The light has broken through - finally - after a very dark night of the soul for Dolores O'Riordan.
It seems somehow apt that she would wait until Christmas to do this, during the winter solstice when the sun bursts through for a new beginning on this most spiritual of times.
But the controversial rock star from Limerick did it. She seemed on the point of absolute self-oblivion - allegedly head-butting and spitting at a guard on a plane and being arrested and hauled off to jail with subsequent headlines all over the world.
Then the one-time superstar singer of The Cranberries saved herself and possibly even - because she is a religious person - her soul.
In truth, many of us perhaps thought Dolores wouldn't make it out of the darkness she seemed so engulfed in last November when she was arrested on an Aer Lingus plane at Shannon Airport after a troubling accident on flight EI110.
Although it was obvious that her path towards wellness would be long and difficult one, I was still kind of shocked when I got a phone-call last Tuesday morning from Dolores to meet up in Dublin. My shock stemmed from the fact that she seemed from the phone conversation like she was almost back to her old self.
To put it bluntly, when I met her at a lodge on the outskirts of Adare Manor last month where she was staying with her friend Ole it was, at times, impossible to hold a conversation with her.
Dolores was in such a sad state that I genuinely feared for her life.
When I suggested to her that day that she should go to see someone, she replied, irritated: "Sure, I am a counsellor. Aren't I counselling the world? Aren't I after healing billions of people around the world? I talk to myself. I talk to myself in the mirror."
When I asked her what did she say to yourself she answered: "'That it is not your fault. And I love you. Be nice to yourself. And slow down.' Because I am not going to live that long. I'm 43. If I see 50, I'll be happy. I mean that. People look at you and see a product. They don't see a soul, but an empty hole."
So last Tuesday evening - six weeks after meeting her in Adare - Dolores O'Riordan is sitting in my front room in Dublin.
She has brought two members of her brilliant new band, Jetlag NYC bassist Andy Rourke (once of The Smiths) and DJ Ole Koretsky, with her. They are both based in New York and have flown in this morning to spend the week with the world-famous singer in the band.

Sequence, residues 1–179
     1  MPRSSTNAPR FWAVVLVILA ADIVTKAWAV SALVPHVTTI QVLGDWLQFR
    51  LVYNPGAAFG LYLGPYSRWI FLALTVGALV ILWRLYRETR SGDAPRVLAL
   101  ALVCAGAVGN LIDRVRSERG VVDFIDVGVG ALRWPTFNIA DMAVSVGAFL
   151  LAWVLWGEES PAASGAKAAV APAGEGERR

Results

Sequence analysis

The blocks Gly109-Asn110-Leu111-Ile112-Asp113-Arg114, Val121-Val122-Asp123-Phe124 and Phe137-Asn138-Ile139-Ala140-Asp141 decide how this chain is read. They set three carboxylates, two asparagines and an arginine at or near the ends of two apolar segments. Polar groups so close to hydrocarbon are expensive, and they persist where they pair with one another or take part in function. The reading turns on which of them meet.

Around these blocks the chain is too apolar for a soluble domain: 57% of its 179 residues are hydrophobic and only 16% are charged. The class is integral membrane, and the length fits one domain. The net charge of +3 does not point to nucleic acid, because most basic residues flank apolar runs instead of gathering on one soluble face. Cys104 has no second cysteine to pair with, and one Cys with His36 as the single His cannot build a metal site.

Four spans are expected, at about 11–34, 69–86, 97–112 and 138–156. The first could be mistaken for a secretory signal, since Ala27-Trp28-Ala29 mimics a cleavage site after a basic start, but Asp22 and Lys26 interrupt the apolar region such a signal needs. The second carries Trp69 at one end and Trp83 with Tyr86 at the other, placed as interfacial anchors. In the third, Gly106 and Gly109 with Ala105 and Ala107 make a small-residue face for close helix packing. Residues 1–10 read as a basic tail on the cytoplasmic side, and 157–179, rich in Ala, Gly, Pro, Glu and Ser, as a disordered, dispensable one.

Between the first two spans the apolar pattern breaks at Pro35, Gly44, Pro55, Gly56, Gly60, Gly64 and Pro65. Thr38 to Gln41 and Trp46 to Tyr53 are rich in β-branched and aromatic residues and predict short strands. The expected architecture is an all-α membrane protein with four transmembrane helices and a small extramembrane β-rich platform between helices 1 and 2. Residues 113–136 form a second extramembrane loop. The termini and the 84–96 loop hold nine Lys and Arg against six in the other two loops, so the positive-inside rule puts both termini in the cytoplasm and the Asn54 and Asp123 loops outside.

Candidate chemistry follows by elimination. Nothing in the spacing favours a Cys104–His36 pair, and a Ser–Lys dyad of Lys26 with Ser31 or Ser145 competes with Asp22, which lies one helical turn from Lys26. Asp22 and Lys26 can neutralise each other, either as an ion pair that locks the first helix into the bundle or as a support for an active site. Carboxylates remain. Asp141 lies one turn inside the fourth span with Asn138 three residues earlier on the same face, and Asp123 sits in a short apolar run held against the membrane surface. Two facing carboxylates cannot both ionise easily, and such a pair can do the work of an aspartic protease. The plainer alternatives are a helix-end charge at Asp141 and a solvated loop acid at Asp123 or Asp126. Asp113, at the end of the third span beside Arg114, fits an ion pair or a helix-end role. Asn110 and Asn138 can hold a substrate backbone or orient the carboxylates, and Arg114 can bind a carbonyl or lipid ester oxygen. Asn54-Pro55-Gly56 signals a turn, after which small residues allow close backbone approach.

She immediately puts REM on the CD player and has a bit of bop with Ole. I give her a Christmas present of a book of John Lennon's drawings. I write in it: 'Merry Xmas Dollie, the war is over.'
She looks healthy and her eyes sparkle (like her wit); in Adare last month, her eyes were zombie-like and her speech, as much as it was speech, was slurred and manic.
Like a little angel, she sits by the light of the Christmas tree and reveals the painful truths she learned in last few months.
Dolores seemed to embody what Rosa Parks said when she asked - rhetorically - "Have you ever been hurt and the place tries to heal a bit, and you just pull the scar off of it over and over again?"
"I would remind people that we are all human, after all," Dolores says. "I'm taking it one day at a time right now, but I want to thank all of those people who didn't pass judgement on me.
"When you came down to Adare last month, I was like a cheese sandwich with the cheese falling out. The cheese had fallen on the floor!" she roars with laughter.
I say to her that the first sign of madness is the loss of your sense of humour - something that has clearly returned to Dolores O'Riordan in spades.
She bursts out laughing again.
"Dude, I wasn't well in Adare!" she hoots. "I am well again now. I have had great help and support from people who love me. My mom has been great. My brother PJ - he's my little angel. I had a lot of help from people. I don't think I ever felt so cared for before. I always felt like this meal ticket.
"I am just really grateful for the support I have received from my friends," she adds.
"Lots of people helped me stay sane. Help was always close by, but I had to reach out. I'm staying strong and holding on because I know it is all going to work out in the end."
Dolores says she moved to New York in August after she broke up with her husband, Don.